Is it ever okay to suspend a kindergartener — repeatedly? John Merrow’s recent PBS report showed that the Success Academy charter schools do this. But as this response from Success CEO Eva Moskowitz demonstrates, even little kids are capable of violent behavior that impacts other children’s ability to learn. Teachers reported that the boy in question punched, scratched, kicked, threw desks, and screamed.
My question is what, other than suspension, did Success try to help this troubled boy? Psychological counseling? A smaller class? Did this child have a special education evaluation and a behavioral intervention plan? There may be privacy issues with revealing this information about this specific boy, but what, in general, is the practice at Success? If the boy in Moskowitz’s letter is indeed the same child who Merrow interviewed on camera, he seems to have grown into an articulate kid able to perform under the right circumstances.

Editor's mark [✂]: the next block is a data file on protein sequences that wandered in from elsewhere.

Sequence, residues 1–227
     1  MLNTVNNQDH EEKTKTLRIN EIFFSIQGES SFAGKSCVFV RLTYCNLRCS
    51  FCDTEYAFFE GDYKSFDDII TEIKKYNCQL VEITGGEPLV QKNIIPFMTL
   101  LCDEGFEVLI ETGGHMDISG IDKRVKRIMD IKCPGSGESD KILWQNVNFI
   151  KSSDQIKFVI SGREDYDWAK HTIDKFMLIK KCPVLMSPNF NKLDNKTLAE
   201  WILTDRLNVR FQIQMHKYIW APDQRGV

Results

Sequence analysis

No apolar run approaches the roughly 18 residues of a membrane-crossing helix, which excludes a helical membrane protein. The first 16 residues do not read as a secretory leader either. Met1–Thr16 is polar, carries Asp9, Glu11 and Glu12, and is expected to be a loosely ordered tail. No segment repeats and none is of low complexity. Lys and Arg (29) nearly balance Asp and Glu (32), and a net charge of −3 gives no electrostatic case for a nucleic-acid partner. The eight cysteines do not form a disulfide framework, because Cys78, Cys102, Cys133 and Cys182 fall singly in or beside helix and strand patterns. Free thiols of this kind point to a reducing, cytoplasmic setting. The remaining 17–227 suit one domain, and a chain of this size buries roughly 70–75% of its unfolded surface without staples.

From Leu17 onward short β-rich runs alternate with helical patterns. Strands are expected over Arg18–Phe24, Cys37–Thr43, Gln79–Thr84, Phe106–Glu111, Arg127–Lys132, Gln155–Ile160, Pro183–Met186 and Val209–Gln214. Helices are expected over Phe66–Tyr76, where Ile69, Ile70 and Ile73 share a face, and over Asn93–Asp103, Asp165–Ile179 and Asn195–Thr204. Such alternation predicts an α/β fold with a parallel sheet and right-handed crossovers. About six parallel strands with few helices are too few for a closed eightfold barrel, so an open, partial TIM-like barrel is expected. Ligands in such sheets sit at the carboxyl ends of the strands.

These behavioral questions are some of the toughest in education and juvenile justice. They cut across charter schools, neighborhood schools, and private schools. If schools are going to follow the Obama administration’s guidelines to reduce suspensions, they need to have a set of alternative strategies in place, which should include support for teachers in how to do different kinds of discipline.